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Cold virus may have caused 2007 AIDS vaccine trial failure

One of the biggest disappointments in AIDS research was the failure of Merck & Co.'s STEP trial of an experimental AIDS vaccine, which was terminated prematurely in 2007 when it became apparent that the vaccine seemed to increase the number of people who contracted HIV. Now, British scientists b... Read More

Fears over 'own goal' HIV vaccine revived

A new study has cast fresh doubts on an AIDS vaccine that was abandoned in 2007 because of fears that it made some recipients more susceptible to HIV infection. The new research is at odds with other studies that cleared the vaccine of responsibility.

The finding reopens the question of wheth... Read More

Swine flu cases drop on college campuses for first time

For the first time this academic year, college campuses have reported a significant drop in cases of influenza-like illness, generally assumed to be pandemic H1N1 influenza, according to the American College Health Assn. Unfortunately, the association also recorded the first two deaths from the ... Read More

Hey, Today is World Toilet Day (Big Squat)

Sponsored by the WTO, that's World Toilet Organization, November 19 is World Toilet Day. The event seeks to increase awareness of the importance of toilet sanitation and each individual's right to a safe and hygienic sanitary environment.

One of their activities for this year is The B... Read More

On the Trail of a Vaccine for Lyme Disease: Yale Researchers Target Tick Saliva

A protein found in the saliva of ticks helps protect mice from developing Lyme disease, Yale researchers have discovered. The findings, published in the November 19 issue of Cell Host & Microbe, may spur development of a new vaccine against infection from Lyme disease, which is spread through ti... Read More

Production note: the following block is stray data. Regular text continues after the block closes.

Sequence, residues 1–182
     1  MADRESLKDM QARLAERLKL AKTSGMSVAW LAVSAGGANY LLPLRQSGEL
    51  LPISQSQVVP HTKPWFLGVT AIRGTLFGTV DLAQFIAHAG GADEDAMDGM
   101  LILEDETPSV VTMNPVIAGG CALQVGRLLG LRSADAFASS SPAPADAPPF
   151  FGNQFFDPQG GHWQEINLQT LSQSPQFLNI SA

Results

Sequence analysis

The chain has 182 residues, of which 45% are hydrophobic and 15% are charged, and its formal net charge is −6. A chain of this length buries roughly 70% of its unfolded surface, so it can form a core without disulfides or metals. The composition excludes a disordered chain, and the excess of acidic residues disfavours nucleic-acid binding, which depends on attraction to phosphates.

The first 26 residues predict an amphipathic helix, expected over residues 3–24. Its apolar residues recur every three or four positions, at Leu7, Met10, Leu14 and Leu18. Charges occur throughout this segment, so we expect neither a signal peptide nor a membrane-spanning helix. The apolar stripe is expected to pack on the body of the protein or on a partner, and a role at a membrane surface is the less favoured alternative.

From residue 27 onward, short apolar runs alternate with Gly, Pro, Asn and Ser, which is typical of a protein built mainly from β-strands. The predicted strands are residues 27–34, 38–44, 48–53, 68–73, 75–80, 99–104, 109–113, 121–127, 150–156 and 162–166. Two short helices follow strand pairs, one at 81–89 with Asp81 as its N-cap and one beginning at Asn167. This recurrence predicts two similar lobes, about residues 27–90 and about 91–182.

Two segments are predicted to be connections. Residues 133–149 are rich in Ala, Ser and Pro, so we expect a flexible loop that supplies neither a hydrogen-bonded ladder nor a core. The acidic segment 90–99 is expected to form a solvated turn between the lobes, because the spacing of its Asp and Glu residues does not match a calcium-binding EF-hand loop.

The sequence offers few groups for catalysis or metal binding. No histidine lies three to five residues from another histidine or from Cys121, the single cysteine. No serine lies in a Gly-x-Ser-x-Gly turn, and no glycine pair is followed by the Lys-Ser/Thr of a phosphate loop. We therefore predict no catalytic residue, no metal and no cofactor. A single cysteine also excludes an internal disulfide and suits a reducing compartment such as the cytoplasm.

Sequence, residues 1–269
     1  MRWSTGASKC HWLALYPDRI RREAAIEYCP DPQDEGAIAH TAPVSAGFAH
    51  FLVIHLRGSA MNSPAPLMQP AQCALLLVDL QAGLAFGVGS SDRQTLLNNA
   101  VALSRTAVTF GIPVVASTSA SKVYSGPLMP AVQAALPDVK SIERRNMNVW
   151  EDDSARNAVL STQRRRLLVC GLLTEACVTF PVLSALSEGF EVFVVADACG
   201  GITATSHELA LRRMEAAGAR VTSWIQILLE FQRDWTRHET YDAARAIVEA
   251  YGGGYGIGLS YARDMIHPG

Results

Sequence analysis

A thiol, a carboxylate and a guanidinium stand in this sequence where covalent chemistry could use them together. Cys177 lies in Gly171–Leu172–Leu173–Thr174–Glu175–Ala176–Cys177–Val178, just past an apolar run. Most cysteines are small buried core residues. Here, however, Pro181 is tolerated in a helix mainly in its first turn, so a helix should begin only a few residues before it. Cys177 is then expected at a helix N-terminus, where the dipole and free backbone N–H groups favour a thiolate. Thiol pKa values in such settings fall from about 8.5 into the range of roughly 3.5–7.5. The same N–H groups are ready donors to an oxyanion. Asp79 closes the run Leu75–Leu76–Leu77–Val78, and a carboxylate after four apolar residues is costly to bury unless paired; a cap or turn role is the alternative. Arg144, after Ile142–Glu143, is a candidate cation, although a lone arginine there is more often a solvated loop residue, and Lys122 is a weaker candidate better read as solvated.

Why Bird Flu Has Not Caused a Pandemic

Bird flu viruses would have to make at least two simultaneous genetic mutations before they could be transmitted readily from human to human, according to research published November 19 in PLoS One.

The authors of the new study, from Imperial College London, the University of Reading and the ... Read More

Study looks at viruses attacking bacteria

Scientists at Texas A&M University say they are investigating how some viruses, known for attacking humans and animals, instead attack bacteria.

The researchers said information about such viral attackers, called phages or bacteriophages, might aid in the treatment of bacterial infections.

... Read More

Sid the Science Kid Flu Vaccination Special Episode from Flu.gov

Stumbled onto this great resource provided by the folks at Flu.gov. HHS and the Association for Prevention Teaching and Research worked with the Henson Company to produce a special episode of the PBS kids TV show "Sid the Science Kid". This first aired on PBS on the 26th of Oct and will be ... Read More

A Genetics Company Fails, Its Research Too Complex

DeCode Genetics, a pioneering company that used the Icelandic population as its guinea pigs in detecting disease-causing mutations, filed for bankruptcy on Tuesday.

The company’s demise suggests that the medical promise of the human genome may take much longer to be fulfilled than its sponsor... Read More

Mundo de los Microbios - Episodio 28